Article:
New research shows that porn doesn’t kill love after all

Showing porn to men has no effect on their love/attraction for partner.

New research shows that porn doesn’t kill love after all
Dr. David Ley, PhD
Dr. David Ley, PhD

In 1989, researchers Kenrick, Gutierres, and Goldberg published a powerful study examining the impact of pornography on relationships and attraction. In the study, subjects were exposed to photos from Playboy and other types of erotica. Subjects who had viewed these nude images then found other women—especially their wives—to be less attractive. The subjects also reported that they were actually less in love with their wives after viewing the pornographic images.

This research has been heavily cited in academic literature, but also in general media discussions of the effects of pornography. The fact that porn could make men feel less attraction and less love for their wives is commonly used as a foundation for arguments against it. But while the idea that porn leads men to compare their wives to unrealistic ideals is a concern cited by activists and spouses, new research reveals that porn no longer appears to have this effect—if it ever did.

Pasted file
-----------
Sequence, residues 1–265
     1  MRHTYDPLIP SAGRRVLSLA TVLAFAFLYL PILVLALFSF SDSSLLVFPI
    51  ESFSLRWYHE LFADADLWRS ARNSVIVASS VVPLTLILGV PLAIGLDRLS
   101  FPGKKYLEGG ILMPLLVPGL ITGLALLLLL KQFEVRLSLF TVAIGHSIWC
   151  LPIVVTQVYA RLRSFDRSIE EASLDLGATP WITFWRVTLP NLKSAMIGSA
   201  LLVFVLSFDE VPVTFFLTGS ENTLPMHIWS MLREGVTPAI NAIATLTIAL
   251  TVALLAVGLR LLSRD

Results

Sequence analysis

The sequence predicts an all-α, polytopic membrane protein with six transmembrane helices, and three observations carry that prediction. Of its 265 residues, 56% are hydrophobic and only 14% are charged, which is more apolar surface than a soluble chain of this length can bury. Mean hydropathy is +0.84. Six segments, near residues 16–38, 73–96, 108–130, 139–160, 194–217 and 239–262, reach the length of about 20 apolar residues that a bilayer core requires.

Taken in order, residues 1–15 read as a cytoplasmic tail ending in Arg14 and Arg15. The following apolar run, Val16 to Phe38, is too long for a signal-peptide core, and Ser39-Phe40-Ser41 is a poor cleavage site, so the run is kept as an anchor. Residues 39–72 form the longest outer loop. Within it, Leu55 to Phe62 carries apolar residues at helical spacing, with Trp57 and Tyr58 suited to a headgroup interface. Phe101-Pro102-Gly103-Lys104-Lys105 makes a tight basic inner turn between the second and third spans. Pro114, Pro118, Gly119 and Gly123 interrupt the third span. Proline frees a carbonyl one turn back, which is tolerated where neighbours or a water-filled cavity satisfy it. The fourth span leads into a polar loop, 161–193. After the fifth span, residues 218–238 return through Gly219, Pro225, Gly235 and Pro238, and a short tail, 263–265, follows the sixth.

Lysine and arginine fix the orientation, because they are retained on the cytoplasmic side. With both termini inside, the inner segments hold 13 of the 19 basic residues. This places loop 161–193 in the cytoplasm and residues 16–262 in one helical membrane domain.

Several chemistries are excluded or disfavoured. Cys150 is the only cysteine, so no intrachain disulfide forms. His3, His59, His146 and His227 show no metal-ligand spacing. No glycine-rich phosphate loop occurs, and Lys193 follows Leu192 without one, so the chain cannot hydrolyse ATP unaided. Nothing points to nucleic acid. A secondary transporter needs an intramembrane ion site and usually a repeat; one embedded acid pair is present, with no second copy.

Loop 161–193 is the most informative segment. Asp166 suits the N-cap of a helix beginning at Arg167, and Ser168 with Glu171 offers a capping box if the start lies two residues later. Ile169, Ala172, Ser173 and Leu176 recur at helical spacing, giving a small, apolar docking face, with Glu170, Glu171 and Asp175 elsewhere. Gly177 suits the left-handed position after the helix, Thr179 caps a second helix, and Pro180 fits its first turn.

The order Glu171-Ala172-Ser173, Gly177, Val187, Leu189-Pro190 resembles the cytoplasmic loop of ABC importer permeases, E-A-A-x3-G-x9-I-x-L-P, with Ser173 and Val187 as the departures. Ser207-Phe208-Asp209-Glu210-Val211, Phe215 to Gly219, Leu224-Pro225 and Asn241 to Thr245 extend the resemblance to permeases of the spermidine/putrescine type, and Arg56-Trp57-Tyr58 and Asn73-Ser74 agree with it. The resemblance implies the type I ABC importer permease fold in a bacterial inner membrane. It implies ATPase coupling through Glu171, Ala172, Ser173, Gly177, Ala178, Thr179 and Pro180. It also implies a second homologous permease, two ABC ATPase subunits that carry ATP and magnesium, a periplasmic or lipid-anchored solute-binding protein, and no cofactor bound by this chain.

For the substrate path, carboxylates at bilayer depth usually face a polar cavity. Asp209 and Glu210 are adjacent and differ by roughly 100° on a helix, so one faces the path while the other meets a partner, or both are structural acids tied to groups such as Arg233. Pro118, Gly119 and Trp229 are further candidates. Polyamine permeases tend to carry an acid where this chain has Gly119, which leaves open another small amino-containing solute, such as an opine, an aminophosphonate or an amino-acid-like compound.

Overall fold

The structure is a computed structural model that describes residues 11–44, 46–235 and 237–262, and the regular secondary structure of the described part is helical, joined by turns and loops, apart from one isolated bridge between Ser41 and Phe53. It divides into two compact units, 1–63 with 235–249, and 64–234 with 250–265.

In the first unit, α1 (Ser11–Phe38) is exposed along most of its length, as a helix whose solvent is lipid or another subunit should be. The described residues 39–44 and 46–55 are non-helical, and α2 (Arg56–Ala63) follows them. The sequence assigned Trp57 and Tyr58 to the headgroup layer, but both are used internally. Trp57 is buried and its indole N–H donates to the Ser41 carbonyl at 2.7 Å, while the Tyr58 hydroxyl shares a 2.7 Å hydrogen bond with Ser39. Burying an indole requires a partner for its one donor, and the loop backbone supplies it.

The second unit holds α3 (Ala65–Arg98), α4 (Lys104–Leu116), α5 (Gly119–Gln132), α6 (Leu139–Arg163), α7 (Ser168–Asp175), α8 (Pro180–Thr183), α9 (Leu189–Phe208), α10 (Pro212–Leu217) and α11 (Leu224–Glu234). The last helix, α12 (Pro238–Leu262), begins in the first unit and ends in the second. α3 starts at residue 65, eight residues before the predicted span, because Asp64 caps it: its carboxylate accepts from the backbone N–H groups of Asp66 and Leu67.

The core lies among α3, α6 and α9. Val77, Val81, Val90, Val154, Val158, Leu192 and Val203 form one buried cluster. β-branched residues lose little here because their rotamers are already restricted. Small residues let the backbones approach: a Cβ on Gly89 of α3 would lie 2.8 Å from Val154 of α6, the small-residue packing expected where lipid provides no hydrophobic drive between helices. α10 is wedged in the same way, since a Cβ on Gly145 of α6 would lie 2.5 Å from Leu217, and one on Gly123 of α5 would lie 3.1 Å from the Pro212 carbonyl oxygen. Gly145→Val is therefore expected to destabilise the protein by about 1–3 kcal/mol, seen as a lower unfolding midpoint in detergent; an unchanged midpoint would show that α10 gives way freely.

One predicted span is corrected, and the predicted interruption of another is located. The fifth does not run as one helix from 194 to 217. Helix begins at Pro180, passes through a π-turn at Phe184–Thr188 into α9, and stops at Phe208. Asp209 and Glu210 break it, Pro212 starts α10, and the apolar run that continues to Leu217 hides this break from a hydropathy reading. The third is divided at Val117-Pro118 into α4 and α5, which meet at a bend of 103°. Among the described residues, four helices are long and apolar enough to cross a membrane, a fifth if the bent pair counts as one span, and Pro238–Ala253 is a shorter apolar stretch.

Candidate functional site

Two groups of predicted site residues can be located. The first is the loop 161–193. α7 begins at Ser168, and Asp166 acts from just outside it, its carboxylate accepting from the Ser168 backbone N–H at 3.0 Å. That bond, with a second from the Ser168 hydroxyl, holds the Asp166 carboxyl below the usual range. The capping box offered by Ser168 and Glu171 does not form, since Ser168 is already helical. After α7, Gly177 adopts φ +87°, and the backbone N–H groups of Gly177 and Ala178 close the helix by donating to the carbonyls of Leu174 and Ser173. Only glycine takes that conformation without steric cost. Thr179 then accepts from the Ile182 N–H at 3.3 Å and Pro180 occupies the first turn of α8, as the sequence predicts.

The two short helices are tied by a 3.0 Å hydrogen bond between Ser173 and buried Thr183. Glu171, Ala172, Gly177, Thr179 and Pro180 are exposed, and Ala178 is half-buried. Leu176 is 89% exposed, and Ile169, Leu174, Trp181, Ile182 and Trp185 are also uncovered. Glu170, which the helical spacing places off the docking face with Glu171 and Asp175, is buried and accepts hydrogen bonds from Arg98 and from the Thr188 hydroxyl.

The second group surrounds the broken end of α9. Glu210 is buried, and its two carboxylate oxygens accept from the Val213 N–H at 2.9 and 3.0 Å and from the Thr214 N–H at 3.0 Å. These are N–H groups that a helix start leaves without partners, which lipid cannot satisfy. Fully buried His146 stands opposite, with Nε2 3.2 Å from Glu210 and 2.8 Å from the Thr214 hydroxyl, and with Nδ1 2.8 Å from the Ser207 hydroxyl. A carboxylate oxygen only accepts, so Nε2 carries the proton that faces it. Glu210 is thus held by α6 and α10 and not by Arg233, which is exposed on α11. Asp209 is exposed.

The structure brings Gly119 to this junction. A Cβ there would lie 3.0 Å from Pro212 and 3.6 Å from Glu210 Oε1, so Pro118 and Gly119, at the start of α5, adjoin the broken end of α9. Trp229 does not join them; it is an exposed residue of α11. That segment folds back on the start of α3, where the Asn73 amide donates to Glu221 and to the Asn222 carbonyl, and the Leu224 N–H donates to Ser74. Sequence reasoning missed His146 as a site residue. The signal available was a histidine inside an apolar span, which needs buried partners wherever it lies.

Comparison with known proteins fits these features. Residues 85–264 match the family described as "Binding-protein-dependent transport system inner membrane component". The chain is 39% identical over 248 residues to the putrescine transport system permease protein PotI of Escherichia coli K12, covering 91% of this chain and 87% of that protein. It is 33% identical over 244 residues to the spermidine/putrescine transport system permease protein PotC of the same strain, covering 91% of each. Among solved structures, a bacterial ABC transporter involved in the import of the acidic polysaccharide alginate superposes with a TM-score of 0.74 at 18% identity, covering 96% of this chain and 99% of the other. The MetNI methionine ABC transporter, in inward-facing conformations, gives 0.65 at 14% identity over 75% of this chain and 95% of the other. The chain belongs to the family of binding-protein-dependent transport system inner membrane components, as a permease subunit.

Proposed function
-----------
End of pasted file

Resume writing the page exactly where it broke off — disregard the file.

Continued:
You may be aware of the ongoing “replication crisis” in social-science research. In essence, recent research has attempted to replicate some of the hallmark findings of some heavily-cited, influential research in psychology and the social sciences. Surprisingly, attempts to replicate many of these research findings have failed, suggesting that in many cases, the original studies were limited by statistical strategies, methodological flaws, or just over-interpretation by enthusiastic researchers eager to publish sensational findings in an academic market that feeds on hype.

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